Ice Cream Social for 6
The lines of these Paul McCobb dishes are bright, clean and refreshing. Like an ice cream party. Except maybe the clean part. Vintage Vera linens, retro scoops and spoons, and lemonade rounds it out.
Very good vintage conditions. Tiny touch of rust at attachment point of lucite handle and lucite lid on ice bucket.
More reading for you big readers:
Paul McCobb (June 5, 1917 – March 10, 1969) was a modern furniture and industrial designer.
Knowing from a very early age that he wanted to be an artist, McCobb studied art, drawing and painting at the Vesper George School of Art in Boston,although he did not complete his course there.
McCobb first came to prominence in 1948 as a design and decorating consultant for Martin Feinman’s Modernage Furniture in New York City.While employed at Modernage, McCobb met B. G. Mesberg, his later business partner in the Planner and Directional furniture lines.
Best known for his furniture designs he also designed radios and televisions for CBS-Columbia, Hi-Fi Consoles for Bell & Howell, along with other household items.
His Planner Group, manufactured by Winchendon Furniture Company, was among the best selling contemporary furniture lines of the 1950s and was in continuous production from 1949 until 1964.
Other well-known furniture lines designed by McCobb include Directional by Custom Craft, Predictor by O’Hearn Furniture, The Irwin Group by Calvin Furniture, The Connoisseur Collection by H. Sacks and Sons, The Calvin Group by Calvin Furniture, and The Linear Group by Calvin Furniture.
During the '60s and '70s, the artist known simply as "Vera" was a household name synonymous with contemporary style and a degree of sophistication. The energetic painter, who usually worked in watercolor, oil paints, and collage, made her mark on the art scene at a time when women were just beginning to enter the corporate world.
Her paintings, a fusion of bold color and graphic designs, were inspired by nature and Vera's exotic world travels. Blooming florals, delicate butterflies, bold geometrics, and Asian and African motifs energized the artist's canvases in a palette of vivid colors. Vera's sophisticated designs reflected the design sensibility of the Bauhaus movement and were influenced by both Japanese Sumi calligraphy and folk art. Vera’s work has been displayed in numerous galleries throughout the U.S., and in 1972, the Smithsonian Institution recognized her with a retrospective called "Vera: The Renaissance Woman." The first artist to be commissioned by the Smithsonian's Resident Associate Program, Vera painted the "Foucault Pendulum," a popular work that was prominently displayed in the National Museum of American History. In 1975, the Fashion Institute of Technology honored her with an exhibit of 67 original paintings that dated back to 1945. Silk-screen prints and posters also were displayed.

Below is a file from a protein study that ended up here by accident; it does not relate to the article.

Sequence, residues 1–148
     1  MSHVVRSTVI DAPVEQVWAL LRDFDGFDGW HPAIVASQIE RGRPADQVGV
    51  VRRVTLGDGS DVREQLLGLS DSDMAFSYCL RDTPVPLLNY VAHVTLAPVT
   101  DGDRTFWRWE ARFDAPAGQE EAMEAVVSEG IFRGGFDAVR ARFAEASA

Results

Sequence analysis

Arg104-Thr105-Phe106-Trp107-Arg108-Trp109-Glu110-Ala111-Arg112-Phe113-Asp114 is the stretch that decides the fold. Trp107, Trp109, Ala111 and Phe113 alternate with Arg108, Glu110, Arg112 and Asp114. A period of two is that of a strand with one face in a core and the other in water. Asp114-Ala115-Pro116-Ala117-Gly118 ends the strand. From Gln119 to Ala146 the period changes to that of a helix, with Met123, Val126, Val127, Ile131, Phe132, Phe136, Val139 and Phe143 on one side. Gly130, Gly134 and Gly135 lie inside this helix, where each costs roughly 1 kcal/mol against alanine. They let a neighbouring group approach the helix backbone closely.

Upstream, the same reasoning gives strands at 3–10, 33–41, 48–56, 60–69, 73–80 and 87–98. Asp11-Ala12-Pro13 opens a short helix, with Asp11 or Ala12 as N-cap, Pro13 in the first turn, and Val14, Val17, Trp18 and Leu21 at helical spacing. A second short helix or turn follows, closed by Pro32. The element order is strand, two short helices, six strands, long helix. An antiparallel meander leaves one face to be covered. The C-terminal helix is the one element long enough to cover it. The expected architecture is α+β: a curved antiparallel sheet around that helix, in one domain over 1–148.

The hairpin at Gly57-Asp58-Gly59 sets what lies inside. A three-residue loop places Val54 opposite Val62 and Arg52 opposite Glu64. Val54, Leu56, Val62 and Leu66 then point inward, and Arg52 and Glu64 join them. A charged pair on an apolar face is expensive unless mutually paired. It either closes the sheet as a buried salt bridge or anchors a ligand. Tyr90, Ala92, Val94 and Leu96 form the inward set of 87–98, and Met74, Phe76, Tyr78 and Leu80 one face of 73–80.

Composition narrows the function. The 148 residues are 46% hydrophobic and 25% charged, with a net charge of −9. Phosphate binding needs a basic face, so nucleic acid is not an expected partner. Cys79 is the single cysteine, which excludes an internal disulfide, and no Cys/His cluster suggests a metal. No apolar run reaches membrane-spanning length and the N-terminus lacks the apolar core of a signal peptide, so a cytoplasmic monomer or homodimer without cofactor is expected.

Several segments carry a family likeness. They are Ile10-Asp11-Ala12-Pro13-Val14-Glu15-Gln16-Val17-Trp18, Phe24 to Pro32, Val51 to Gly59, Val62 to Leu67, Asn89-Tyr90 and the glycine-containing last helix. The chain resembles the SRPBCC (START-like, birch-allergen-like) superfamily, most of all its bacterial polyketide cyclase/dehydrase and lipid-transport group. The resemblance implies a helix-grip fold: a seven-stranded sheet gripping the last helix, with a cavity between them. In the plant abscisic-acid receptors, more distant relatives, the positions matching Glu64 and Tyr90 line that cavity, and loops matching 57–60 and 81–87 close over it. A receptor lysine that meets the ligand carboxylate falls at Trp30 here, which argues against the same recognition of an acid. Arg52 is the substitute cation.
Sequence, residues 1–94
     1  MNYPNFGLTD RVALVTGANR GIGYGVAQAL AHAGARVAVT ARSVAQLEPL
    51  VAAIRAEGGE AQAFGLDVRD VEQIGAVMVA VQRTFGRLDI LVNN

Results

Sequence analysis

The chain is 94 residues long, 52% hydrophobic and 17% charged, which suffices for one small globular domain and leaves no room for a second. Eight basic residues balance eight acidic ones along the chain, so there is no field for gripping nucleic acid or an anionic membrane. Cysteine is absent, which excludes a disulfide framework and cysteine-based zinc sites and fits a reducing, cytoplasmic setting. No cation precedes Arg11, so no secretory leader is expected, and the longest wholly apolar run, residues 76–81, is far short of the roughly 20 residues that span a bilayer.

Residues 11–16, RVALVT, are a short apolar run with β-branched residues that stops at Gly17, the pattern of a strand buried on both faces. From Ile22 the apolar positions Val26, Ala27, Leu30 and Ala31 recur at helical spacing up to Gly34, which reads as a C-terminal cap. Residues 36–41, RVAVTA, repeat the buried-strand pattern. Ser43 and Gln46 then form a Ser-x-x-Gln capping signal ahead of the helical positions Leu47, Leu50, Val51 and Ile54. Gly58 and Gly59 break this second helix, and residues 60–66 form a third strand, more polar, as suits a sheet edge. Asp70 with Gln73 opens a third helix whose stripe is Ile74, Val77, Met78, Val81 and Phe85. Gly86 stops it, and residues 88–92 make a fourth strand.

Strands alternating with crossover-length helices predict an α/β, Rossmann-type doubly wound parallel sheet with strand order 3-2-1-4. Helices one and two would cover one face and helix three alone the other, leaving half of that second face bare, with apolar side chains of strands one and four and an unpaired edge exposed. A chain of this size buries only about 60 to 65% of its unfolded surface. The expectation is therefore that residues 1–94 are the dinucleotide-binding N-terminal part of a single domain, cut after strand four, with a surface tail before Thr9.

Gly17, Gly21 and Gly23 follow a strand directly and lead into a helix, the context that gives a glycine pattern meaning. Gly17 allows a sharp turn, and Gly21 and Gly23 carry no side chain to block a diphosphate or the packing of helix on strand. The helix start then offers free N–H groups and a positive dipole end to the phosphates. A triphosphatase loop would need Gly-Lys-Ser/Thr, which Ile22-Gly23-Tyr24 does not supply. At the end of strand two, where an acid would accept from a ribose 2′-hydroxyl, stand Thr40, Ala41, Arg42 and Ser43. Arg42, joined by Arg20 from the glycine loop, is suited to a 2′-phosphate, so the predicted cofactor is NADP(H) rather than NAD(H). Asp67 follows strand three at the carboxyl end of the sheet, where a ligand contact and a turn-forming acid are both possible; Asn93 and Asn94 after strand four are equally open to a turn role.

Many of today's female consumers—both fashion and home enthusiasts—recall Vera's bold, contemporary designs and the iconic ladybug symbol that often accompanied her distinctive signature. Many of her designs were sold and licensed for fashion and home collections, and the artist is remembered for her countless contributions within the world of design. At a time when most home textiles were devoid of color, Vera spiced up the home with a warm palette of sunny oranges and yellows and cooler tones of blues and greens.
America's dinner tables once were draped with Vera's table linens, and home-cooked meals were served on her floral printed plates. Even former President Harry Truman and First Lady Bess Truman lived alongside Vera: One of her wallpaper designs was selected to decorate the walls of the White House. Marilyn Monroe, also a devoted fan, was photographed in the nude while she posed with a handful of sheer Vera scarves. The products Vera once produced now are considered vintage finds, and currently are being sold on eBay. The silk scarves, napkins, and table linens she created in an array of eye-catching colors and patterns still resonate with today's contemporary and design-conscious consumers.